Thursday 2nd November 2017
Green spaces in cities promote social connections and physical activity and reduce exposure to air pollution and noise.
Parents, take note! Children who grow up close to parks and green spaces may develop better attention span, a study suggests.
Researchers from Barcelona Institute for Global Health (ISGlobal) in Spain studied data from 1,500 children, collected during 2003-2013.
The study, published in the journal Environment Health Perspectives, analysed residential surrounding greenness – at 100, 300 and 500 metres distance near the homes of children at birth, four to five years old, and seven years old.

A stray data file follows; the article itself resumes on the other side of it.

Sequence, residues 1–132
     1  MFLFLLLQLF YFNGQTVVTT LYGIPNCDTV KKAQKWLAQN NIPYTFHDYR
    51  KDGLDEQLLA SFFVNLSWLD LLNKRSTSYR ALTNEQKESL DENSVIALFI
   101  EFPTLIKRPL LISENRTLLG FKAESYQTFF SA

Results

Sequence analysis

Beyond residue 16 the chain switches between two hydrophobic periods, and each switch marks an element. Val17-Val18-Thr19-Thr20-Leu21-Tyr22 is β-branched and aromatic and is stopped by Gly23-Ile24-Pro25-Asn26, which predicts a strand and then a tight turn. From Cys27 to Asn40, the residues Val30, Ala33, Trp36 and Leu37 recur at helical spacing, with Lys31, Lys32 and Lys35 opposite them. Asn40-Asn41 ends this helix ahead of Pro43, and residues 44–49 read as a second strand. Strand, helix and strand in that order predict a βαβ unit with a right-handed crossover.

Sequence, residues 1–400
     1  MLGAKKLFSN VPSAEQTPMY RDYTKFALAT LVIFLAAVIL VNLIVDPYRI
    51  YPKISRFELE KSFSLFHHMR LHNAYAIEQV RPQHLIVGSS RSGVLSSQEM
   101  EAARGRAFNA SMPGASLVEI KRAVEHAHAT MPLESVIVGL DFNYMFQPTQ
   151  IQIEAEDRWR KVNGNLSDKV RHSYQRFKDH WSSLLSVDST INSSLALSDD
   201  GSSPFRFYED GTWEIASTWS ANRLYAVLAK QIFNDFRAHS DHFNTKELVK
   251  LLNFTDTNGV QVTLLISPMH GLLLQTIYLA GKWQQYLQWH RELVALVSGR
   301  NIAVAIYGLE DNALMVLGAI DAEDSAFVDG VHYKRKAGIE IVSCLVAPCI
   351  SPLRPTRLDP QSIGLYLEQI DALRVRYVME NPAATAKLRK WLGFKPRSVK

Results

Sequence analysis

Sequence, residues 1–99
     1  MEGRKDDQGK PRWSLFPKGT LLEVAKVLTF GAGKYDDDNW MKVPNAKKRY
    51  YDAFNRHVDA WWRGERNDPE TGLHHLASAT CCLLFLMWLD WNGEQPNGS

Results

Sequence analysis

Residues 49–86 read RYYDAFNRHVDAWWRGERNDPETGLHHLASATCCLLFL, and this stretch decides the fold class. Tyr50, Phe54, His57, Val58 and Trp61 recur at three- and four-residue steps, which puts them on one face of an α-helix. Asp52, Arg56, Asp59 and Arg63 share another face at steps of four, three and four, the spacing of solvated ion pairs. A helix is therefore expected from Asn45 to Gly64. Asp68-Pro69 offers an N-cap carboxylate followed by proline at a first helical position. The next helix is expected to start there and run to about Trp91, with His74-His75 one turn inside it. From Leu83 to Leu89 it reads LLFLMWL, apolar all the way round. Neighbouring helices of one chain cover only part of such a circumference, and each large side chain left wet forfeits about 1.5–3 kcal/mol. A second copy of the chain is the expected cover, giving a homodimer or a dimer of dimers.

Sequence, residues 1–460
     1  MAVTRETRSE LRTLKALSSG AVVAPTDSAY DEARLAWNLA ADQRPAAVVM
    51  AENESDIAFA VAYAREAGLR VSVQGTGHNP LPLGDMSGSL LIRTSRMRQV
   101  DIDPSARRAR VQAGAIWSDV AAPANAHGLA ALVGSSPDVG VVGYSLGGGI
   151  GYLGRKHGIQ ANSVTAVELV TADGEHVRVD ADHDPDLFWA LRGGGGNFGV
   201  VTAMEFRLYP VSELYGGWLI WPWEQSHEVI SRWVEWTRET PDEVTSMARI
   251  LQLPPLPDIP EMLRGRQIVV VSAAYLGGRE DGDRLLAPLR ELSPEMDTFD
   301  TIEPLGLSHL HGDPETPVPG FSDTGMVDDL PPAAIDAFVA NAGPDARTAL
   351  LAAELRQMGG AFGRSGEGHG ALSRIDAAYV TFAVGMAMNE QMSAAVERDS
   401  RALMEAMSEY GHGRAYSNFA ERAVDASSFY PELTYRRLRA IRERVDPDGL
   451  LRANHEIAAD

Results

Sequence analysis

Researchers performed two types of attention tests at four to five years and seven years of age.
The team found that children with higher greenness around their homes had better scores in the attention tests.
“These results underline the importance of green areas in cities for children’s health and brain development,”
said Payam Dadvand, researcher at ISGlobal.
“The possibility that exposure to different types of vegetation might have different impacts on neurodevelopment remains an open question,”
said Jordi Sunyer from ISGlobal.
Green spaces in cities promote social connections and physical activity and reduce exposure to air pollution and noise, and are therefore essential for the development of the future generations’ brains, researchers said.